Michael Heller on Gridlock and the Financial Crisis

Question: How does gridlock play into the current financial crisis?\r\n\r\nHeller: So, once you begin to see the gridlock as everywhere, you begin, you ask about the current crisis is there a gridlock story here? And it turns out the answer is, “Wow! There really is.” The financial crisis today is, in a substantial measure, based on a subprime mortgage crisis, and that subprime mortgage crisis is based on a fundamental shift in America and how it is that we structure the ownership of mortgages. It used to be that you went to a bank and they evaluated you fairly carefully because if they lent you money and you didn’t pay them back, they would lose money, and if you had a problem paying your money, paying the mortgage back, you knew who to call. So, there was a system that was a pretty strong link between the borrower and the lender and it was one that served this country well for generations. But in the recent years, we’ve radically shifted the way mortgages are issued and owned. So, now, mortgages are pooled into pools of thousands, and then those pools are chopped up into bonds and then those bonds are sold to investors all over the world. So now, if you’re a homeowner today, who do you call? Because the link between the borrower and the lender has been broken. We now have too many owners of fractional interest of mortgage, of underlying mortgages, which makes it impossible to renegotiate, to have a conversation when borrowers get into trouble. And when the banks have to foreclose, everybody loses. The borrower loses, for sure. They lose their home. The banks also always lose when they foreclose. There’s much less value there than the loan. So, what we’ve done is we’ve shifted the ownership system, created some value, reduced interest rates to let poor folks with [worse] credit get access to housing markets and that’s great, but, again, there was a hidden gridlock story, one that really hasn’t been in the news but is the causal, is the underlying cause for why we have the meltdown today, which is that once you break up mortgages into these tiny little ownership fractions, mass foreclosure becomes inevitable, became inevitable whenever the market began to do a downturn, and markets always go up and down.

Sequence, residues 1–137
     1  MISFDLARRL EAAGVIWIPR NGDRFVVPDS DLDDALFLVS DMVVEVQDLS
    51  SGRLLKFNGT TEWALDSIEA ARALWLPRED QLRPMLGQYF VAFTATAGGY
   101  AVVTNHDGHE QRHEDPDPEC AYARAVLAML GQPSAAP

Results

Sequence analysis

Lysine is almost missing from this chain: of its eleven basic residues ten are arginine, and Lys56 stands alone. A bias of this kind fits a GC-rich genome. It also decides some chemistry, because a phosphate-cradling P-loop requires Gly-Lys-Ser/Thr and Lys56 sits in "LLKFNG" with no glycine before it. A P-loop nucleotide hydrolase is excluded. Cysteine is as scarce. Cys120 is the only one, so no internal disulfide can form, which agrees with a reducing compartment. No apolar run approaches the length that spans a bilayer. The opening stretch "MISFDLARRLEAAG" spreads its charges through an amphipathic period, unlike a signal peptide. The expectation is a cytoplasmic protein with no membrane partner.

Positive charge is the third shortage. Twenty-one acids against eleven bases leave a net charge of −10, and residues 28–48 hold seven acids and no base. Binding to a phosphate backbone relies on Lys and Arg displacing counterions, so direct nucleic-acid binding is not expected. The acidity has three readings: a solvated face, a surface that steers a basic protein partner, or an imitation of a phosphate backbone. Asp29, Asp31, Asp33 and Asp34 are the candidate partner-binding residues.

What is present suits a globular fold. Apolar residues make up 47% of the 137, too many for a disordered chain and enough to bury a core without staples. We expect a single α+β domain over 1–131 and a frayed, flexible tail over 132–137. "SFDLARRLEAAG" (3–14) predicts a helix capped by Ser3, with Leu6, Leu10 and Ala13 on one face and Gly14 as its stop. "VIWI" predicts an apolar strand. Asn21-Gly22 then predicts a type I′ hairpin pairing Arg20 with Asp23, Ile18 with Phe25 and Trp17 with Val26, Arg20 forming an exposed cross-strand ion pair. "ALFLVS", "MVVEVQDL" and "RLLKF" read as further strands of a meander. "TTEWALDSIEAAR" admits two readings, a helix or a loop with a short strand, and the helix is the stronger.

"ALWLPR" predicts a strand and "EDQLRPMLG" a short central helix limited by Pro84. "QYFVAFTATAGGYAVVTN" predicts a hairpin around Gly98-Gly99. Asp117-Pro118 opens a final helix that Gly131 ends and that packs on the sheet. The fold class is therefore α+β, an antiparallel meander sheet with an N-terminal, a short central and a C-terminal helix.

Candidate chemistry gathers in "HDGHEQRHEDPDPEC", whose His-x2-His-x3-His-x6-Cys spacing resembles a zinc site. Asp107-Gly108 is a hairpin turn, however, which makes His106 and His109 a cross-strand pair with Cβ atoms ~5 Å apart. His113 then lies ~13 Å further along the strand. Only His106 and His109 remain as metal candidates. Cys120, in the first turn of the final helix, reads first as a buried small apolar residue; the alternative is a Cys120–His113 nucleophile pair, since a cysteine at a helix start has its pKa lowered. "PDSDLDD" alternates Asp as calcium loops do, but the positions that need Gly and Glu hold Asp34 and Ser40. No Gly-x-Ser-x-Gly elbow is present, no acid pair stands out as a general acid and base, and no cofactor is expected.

Breaking the link between the borrower and the lender by dividing mortgages into bonds led to a serious crisis of investments, according to Michael Heller.

​There are two kinds of failure – but only one is honorable

Malcolm Gladwell teaches "Get over yourself and get to work" for Big Think Edge.

Big Think Edge
  • Learn to recognize failure and know the big difference between panicking and choking.
  • At Big Think Edge, Malcolm Gladwell teaches how to check your inner critic and get clear on what failure is.
  • Subscribe to Big Think Edge before we launch on March 30 to get 20% off monthly and annual memberships.
Keep reading Show less

Trauma in childhood leads to empathy in adulthood

It's not just a case of "what doesn't kill you makes you stronger."

Mind & Brain

  • A new study suggests children who endure trauma grow up to be adults with more empathy than others.
  • The effect is not universal, however. Only one kind of empathy was greatly effected.
  • The study may lead to further investigations into how people cope with trauma and lead to new ways to help victims bounce back.
Keep reading Show less

Is this why time speeds up as we age?

We take fewer mental pictures per second.

(MPH Photos/giphy/yShutterstock/Big Think)
Mind & Brain
  • Recent memories run in our brains like sped-up old movies.
  • In childhood, we capture images in our memory much more quickly.
  • The complexities of grownup neural pathways are no match for the direct routes of young brains.
Keep reading Show less